While no criminal charges should be taken lightly, a conviction for a sex crime can result in a lifelong designation as a sexual predator. While there are laws in Florida that require a mandatory sexual offender designation in certain circumstances, the laws also allow for the Florida Parole Commission to impose sexual predator restrictions based on its discretion.
This was demonstrated in a recent case decided by a Florida appellate court, where the court found that sexual predator conditions imposed on a defendant were proper, even though he was not a sexual predator under the statutory guidelines. If you are a resident of St. Petersburg and are currently charged with a sex crime, it is essential to retain the services of a skilled St. Petersburg sex crime defense attorney, to aid you in your fight to retain your liberties and protect your future.
Facts Regarding Defendant’s Sex Crime Charges and Conviction
Reportedly, in 1997 the defendant entered a plea to charges of fondling a minor under the age of sixteen and sexual battery. The stipulated year of his offenses was 1991. The trial court designated the defendant a sexual predator. The designation was subsequently reversed, however, based on the appellate court’s finding that the Florida sexual predator statute applied only to a conviction for sex crimes committed on or after October 1, 1993.
It is alleged the defendant was released onto conditional release in 2010, with supervision ordered to last until 2026. The Florida Commission on Offender review imposed thirty conditions on his release, including the condition that he was not to access the internet until he completed his sex offender treatment program. The defendant signed an agreement agreeing to these conditions but added a note that he was not subject to the conditions because he was not a statutory sexual predator based on the date of his offenses. The defendant violated the terms of his release six times from 2010 through 2015. In 2016 he violated the condition regarding accessing the internet by searching the term “Kowasaski”. His conditional release was subsequently revoked. He challenged the revocation and argued he was subject to conditions for a crime he never committed.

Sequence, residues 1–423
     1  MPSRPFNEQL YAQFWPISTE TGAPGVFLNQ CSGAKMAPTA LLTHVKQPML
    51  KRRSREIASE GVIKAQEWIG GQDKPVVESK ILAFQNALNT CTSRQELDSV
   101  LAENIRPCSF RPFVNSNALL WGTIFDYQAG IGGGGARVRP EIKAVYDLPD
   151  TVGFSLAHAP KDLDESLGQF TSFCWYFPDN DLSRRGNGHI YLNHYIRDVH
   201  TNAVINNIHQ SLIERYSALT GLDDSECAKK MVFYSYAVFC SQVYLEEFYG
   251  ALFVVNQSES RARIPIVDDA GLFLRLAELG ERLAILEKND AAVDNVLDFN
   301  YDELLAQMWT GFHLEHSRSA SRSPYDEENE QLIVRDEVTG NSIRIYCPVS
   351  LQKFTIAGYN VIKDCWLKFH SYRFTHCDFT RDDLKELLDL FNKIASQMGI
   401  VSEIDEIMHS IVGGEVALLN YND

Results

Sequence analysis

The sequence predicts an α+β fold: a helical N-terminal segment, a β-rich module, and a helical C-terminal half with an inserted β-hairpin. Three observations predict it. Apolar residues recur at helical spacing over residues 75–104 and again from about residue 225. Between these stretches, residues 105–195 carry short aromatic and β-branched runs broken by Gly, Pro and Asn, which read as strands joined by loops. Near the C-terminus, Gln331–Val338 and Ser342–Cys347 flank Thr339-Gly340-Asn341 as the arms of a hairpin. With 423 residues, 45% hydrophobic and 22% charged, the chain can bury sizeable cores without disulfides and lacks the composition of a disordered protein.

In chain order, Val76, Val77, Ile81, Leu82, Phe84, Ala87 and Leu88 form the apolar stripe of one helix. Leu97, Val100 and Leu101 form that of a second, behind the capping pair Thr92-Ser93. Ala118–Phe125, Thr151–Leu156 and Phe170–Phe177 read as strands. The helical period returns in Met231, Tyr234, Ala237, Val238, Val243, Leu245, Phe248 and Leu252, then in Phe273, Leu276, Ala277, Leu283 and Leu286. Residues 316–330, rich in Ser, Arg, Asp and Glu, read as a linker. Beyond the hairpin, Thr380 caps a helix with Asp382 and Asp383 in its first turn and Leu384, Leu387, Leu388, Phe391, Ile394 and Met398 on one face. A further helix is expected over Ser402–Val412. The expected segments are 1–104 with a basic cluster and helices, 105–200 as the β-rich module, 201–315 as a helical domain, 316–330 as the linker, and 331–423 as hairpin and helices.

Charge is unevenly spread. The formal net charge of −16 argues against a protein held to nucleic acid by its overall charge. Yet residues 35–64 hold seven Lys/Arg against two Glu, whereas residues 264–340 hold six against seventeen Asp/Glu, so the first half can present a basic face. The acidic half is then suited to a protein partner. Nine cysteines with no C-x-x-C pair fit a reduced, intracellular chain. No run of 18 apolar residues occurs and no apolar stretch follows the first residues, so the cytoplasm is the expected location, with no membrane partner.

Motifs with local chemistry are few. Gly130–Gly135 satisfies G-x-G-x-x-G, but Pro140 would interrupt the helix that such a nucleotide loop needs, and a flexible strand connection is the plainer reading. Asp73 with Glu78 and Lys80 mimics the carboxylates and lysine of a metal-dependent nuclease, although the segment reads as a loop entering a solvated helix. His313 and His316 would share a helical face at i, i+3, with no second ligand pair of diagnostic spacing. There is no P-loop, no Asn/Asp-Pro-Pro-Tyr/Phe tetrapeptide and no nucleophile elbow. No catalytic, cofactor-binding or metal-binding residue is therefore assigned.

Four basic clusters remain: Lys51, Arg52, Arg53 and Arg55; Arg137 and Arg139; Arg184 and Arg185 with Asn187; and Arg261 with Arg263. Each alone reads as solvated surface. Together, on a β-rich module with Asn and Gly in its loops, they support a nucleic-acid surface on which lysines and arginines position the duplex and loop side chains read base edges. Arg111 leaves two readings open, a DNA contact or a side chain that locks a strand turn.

Sexual Predator Designation Under Florida Law
The defendant argued that the state violated his due process by imposing conditions on his release that applied to sexual predators, even though he was not a sexual predator under the terms of the Florida statute defining sexual predators. The court was not persuaded by this argument. The court held that while Florida law imposed a mandatory sexual predator designation for certain offenses committed after October 1, 1993, the designation was not limited to those offenses. Rather, the Florida Parole Commission had discretionary authority under Florida law to impose any special conditions it deems necessary.
The court also declined to adopt the defendant’s reasoning that the condition had no relationship to the crimes he committed. The court noted that while special conditions of probation cannot be so restrictive as to be unrelated to rehabilitation, the same rule did not apply to conditions imposed in a conditional release. Thus, the court denied the defendant’s petition.
Retain an Experienced St. Petersburg Sex Crime Defense Attorney
If you live in St. Petersburg and are currently facing sex crime charges, you should retain an experienced sex crimes defense attorney to assist you in determining what defenses are available to the charges you face. William Hanlon of Hanlon Law is a St. Petersburg defense attorney with the knowledge and skill needed to help you develop a plan of action that will provide you with a good chance of a successful outcome under the circumstances. Contact our offices at 727-897-5413 or through our online form to schedule a consultation.
More Blog Posts:
Appeals Court of Florida Finds Trial Court Erred in Requiring a Defendant to Register as a Sex Offender and in its Sentencing, December 10, 2018, St. Petersburg Sex Crimes Lawyer Blog